UCT has distanced itself from a study involving an adjunct-professor at its Graduate School of Business that examines the relationship between slave exports and intelligence.
The study, featured in the March Journal of Interdisciplinary Economics, is titled “Intelligence and Slave Exports from Africa” and investigates the link between cognitive ability in terms of intelligence and slave export intensity.
The authors wanted to test the hypothesis that countries which were endowed with higher levels of cognitive ability were more likely to experience lower levels of slave exports from Africa, probably due to comparatively better capacities to organise, co-operate, oversee and confront slave traders.
They found in part that “the reasoning-orientation and problem-solving inclination underlying the IQ can be leveraged to avoid capture during the slave trade” and “it is conceivable that African cognitive ability led to slave exports”.
This study comes hot on the heels of a controversial Stellenbosch University article about “coloured women” which received criticism and was called out for being racist after it tried to explore a link between cognitive ability and race.
Black Academic Caucus member Professor Adam Haupt said: “This article is much like the Stellenbosch University article about ‘coloured women’. The key premise relies on the flawed belief that race is a stable, natural scientific category and that it is not socially and politically constructed that serves very narrow economic and ideological ends.
“The hypothesis and research methodology make the flawed assumption that one can make general claims about IQ, cognitive ability or intelligence – in this case, about entire countries. It produces the effect of victim blaming and pathologises Africans, instead of interrogating the actual causes of racialised exploitation during the Atlantic slave trade.” Haupt said the title alone dehumanised people by labelling enslaved humans as “slavery exports”.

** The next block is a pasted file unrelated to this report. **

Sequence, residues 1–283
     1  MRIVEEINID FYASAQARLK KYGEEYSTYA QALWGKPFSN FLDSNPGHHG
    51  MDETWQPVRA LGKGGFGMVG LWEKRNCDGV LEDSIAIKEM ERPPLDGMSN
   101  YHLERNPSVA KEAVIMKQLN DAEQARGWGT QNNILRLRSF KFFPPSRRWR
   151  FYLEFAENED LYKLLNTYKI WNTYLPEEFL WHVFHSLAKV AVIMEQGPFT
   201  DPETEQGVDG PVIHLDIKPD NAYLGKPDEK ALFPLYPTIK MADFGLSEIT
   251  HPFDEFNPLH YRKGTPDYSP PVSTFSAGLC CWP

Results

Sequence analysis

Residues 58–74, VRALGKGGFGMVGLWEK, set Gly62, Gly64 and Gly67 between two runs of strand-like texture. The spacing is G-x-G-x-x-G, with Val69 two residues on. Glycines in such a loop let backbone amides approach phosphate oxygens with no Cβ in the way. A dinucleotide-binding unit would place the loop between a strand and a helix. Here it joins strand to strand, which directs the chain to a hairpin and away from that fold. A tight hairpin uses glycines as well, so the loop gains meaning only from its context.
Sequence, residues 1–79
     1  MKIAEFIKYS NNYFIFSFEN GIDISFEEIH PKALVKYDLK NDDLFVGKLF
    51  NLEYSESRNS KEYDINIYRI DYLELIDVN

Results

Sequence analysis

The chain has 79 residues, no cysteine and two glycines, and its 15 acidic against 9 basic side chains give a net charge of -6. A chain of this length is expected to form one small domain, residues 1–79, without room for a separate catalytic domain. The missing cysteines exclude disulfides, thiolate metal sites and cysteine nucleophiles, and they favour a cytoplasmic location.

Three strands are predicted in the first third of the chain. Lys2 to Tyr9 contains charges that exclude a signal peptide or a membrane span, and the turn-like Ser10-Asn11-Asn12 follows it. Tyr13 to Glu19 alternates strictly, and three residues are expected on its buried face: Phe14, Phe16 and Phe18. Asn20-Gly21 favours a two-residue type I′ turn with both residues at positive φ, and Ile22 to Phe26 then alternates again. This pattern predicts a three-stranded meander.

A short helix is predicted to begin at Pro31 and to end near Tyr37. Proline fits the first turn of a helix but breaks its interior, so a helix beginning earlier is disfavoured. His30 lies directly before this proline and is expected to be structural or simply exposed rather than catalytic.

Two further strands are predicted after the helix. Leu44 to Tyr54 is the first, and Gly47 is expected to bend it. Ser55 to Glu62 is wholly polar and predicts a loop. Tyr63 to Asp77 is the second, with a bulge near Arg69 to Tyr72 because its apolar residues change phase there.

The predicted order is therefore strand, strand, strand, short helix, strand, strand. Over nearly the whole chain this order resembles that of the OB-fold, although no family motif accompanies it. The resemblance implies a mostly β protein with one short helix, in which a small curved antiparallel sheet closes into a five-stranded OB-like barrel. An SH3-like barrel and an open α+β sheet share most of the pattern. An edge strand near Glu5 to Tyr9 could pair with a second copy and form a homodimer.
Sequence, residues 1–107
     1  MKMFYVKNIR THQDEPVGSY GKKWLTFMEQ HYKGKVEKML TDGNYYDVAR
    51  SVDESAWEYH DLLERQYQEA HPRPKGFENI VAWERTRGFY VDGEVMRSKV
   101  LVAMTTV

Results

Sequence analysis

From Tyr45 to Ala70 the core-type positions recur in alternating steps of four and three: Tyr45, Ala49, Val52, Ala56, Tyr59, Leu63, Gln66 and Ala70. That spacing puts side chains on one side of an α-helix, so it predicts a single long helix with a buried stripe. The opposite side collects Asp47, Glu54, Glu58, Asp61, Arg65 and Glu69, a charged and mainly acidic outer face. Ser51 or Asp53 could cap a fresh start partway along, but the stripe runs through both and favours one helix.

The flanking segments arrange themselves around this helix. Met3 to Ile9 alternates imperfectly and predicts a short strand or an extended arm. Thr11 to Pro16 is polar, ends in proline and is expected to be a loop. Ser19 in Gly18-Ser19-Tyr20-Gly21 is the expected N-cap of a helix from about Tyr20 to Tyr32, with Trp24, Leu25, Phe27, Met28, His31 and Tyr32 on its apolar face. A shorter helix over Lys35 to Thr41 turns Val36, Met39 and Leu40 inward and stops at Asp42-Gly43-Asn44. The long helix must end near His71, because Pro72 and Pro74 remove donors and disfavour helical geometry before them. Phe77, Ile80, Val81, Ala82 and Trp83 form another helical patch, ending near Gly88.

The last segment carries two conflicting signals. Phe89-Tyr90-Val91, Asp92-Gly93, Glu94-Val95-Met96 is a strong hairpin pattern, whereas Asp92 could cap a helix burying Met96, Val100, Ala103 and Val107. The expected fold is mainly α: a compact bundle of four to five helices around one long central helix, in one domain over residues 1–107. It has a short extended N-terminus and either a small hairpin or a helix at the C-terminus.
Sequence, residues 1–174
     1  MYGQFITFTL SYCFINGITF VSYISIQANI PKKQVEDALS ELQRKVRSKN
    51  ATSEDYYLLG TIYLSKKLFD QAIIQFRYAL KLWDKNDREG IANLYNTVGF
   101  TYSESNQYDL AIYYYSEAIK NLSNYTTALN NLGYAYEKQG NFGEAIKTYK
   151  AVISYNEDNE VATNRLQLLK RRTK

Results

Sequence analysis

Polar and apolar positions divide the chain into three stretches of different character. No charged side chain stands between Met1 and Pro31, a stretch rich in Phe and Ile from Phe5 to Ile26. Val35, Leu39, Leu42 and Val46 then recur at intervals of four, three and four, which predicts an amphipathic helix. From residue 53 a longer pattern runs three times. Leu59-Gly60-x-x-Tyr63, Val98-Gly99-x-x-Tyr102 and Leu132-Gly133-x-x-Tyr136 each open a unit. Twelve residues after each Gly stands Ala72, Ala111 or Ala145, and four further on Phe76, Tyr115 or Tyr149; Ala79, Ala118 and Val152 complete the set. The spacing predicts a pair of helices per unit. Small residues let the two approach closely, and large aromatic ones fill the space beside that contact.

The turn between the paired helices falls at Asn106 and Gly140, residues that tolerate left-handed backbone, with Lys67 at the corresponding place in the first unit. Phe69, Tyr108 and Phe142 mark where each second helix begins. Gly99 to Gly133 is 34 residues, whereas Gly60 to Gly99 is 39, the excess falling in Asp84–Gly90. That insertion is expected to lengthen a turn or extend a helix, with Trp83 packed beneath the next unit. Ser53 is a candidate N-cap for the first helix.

“The research project points to the need for humanities scholarship's critical interrogation of scientific racism, research ethics and methodologies in academic projects across disciplines. Specifically, it points to the value of sound historical research that accounts for the development of what decolonial scholars call colonial modernity,” he added.
Meanwhile UCT said they would be investigating the study.
“The director of the Graduate School of Business and the Centre for Development Finance are investigating this study and its findings at the request of the acting vice-chancellor,” UCT spokesperson Elijah Moholola said.
“We are investigating the relationship of the author to the GSB and its work, as the author is an adjunct-professor and the study was co-authored with the University of Kinshasa. The school will report back urgently to the acting vice-chancellor.
“As the university has not had an opportunity to fully investigate this study we cannot comment fully, but any research based on or proposing racial stereotypes is contradictory to UCT’s academic values and standards of scholarship. It is in opposition to our commitment to academic excellence and an inclusive community.”